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"We chose the name U2 to be ambiguous, to stay away from categorization." — Bono

U2 provides the expected visual, aural spectacles

- December 13, 1997

by Bruce Rushton

The 7,500-square-foot video screen takes up more room than many houses.

The giant, yellow arch above the stage - central symbol of the U2 tour that stopped Friday at the Kingdome - towers nearly as high as a pop foul.

The bank of speakers doesn't entirely overcome the trademark echo of a dome show - but comes respectably close.

No fewer than 30 portable toilets grace the dome floor.

Welcome to U2's Popmart, the ultimate in conspicuous consumption. No prop too big, no hue too bright. Costs a reported $250,000 a day to keep this show on the road.

Do the math: At a top ticket price of $52.50, that's more than 5,000 fans who forked over their green Friday just to pay a day's worth of operating expenses. Figure three days or so between each show on this 80-city tour scheduled to last 14 months. It must add up awful quick.

The audacity of it all starts sinking in as you walk past a dozen or so nondescript semi-trailers parked outside a Kingdome loading ramp. There's a veritable fleet of rental vans shuttling road crew members in and out of the building.

One guy's just back from the hardware store. Even Friday, the last stop on the band's North American tour that began in April in Las Vegas, there's always more last-minute stuff to buy. It takes him four trips to transfer the bagfuls of hammers, nails, screws and other gear from the van into a waiting cart. He hustles.

Showtime, after all, is just 90 minutes away.

The mood is less frenetic in the seats, which are more than half empty when warmup band Smashmouth takes the stage. When the lights come up 45 minutes later, the dome's 300 level is still mostly empty. They also weren't packed particularly tight on the floor; there was nearly as much walking space as there were chairs.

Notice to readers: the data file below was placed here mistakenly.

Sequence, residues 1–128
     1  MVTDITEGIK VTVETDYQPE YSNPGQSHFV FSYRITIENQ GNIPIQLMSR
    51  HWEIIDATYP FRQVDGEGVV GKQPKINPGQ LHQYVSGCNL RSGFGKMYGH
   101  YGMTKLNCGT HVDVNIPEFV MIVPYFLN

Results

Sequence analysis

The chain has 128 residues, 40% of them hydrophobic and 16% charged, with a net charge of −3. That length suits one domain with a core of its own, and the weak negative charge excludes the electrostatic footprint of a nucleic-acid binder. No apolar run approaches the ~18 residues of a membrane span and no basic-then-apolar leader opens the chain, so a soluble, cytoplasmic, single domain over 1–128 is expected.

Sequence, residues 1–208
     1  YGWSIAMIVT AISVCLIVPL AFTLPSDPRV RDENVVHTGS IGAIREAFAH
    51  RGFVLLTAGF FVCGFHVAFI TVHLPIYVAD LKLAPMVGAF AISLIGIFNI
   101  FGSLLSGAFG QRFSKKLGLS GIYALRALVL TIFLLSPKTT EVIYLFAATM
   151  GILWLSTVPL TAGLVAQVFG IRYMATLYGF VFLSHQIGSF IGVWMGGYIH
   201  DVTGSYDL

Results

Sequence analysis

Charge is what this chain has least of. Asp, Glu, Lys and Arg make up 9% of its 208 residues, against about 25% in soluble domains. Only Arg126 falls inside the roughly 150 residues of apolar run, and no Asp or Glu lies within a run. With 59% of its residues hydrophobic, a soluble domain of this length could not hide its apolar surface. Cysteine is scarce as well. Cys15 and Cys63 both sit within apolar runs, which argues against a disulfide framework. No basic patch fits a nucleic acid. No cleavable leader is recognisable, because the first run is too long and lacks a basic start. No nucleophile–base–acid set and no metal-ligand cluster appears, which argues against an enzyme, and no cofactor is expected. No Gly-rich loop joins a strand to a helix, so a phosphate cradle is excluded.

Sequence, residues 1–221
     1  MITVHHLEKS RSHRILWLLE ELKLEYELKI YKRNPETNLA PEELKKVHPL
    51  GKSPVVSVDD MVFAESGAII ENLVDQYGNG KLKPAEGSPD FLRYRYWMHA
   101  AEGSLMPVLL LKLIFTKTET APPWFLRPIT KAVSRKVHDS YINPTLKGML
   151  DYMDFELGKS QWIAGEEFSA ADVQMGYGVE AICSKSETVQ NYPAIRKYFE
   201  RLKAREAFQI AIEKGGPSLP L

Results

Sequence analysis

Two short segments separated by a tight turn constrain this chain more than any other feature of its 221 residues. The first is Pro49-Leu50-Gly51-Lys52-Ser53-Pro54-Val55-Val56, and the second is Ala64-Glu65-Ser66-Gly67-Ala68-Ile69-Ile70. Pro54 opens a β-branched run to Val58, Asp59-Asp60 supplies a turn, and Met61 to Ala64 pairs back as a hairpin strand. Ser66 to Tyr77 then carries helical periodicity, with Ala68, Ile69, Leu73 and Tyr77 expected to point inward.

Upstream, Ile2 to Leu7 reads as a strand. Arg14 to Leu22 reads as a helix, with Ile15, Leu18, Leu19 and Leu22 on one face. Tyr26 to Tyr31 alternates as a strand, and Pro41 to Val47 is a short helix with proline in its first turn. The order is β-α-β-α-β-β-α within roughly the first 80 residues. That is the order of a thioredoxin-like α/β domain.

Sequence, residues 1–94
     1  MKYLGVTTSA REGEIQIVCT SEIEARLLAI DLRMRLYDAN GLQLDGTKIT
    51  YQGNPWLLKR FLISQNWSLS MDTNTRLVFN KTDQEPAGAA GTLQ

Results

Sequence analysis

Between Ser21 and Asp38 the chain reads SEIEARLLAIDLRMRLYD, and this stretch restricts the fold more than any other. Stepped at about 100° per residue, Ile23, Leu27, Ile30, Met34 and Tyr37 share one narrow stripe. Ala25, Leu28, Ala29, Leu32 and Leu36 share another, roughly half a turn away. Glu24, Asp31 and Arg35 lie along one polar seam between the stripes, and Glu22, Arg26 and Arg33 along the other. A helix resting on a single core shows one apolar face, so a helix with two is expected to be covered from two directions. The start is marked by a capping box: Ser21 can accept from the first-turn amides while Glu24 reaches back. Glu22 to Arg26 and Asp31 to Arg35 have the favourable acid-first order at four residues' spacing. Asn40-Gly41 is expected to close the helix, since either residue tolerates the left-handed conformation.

It wasn't so bad that U2 staged a spectacle and nobody came (and make no mistake, Friday's show was a spectacle). Just not as many folks as Bono and his bandmates would have liked, especially after Zoo TV, the band's early '90's tour that set a new standard for gee-whiz gadgets and that played sold-out shows and back-to-back concerts in some cities.

Now it's what-can-they-do-to-top-that time.

The task is made harder by the fact that "Achtung Baby," the album that put Zoo TV on the road, is much more popular than the current "Pop," which hasn't sold well compared with past multiplatinum sellers such as "Joshua Tree," released a decade ago.

Nonetheless, band manager Paul McGuinness has called Popmart "twice as spectacular" as Zoo TV. Whether U2 has succeeded depends somewhat on your tastes.

If you like cocktail condiments, the Kingdome was the place to be Friday.

Stage left was decorated by a giant orange toothpick that speared a larger-than-life olive ringed Saturn-style by neon tubes. A behemoth pale green lime sat at the tooth pick's base.

The dull orange bank of speakers perched just beneath the top of the yellow arch resembled a picnic basket. A small Christmas tree placed atop the arch lent a festive holiday touch.

Perhaps in recognition of the challenge of living up to the past, the theme from "Mission Impossible" played just before the band went on.

They didn't just hop up there. Walking through the crowd escorted by dozens of yellow-jacketed security employees who kept fans at bay, guitarist The Edge looked more like a determined boxer than a rock star as he strode toward the gigantic stage.

Lead singer Bono emphasized the point as he wore - and quickly discarded once behind the mike - a red silk boxer's robe. A regular old Rocky from Ireland.

The techno-beat of "Pop" showed how far this band has come from earlier material such as "Sunday Bloody Sunday."

The acoustical properties of the dome made the older anthems sound particularly good. Cartoons interspersed with live footage of the band on the video screen and neon that flashed on the arch kept the visual side moving right along, especially during the newer numbers. On "New Year's Day," the bells and whistles went silent, and the band opted for simple white light and the always popular fog effect.

Those who came for a spectacle certainly got what they paid for.

© 1997. Tacoma News-Tribune. All rights reserved.

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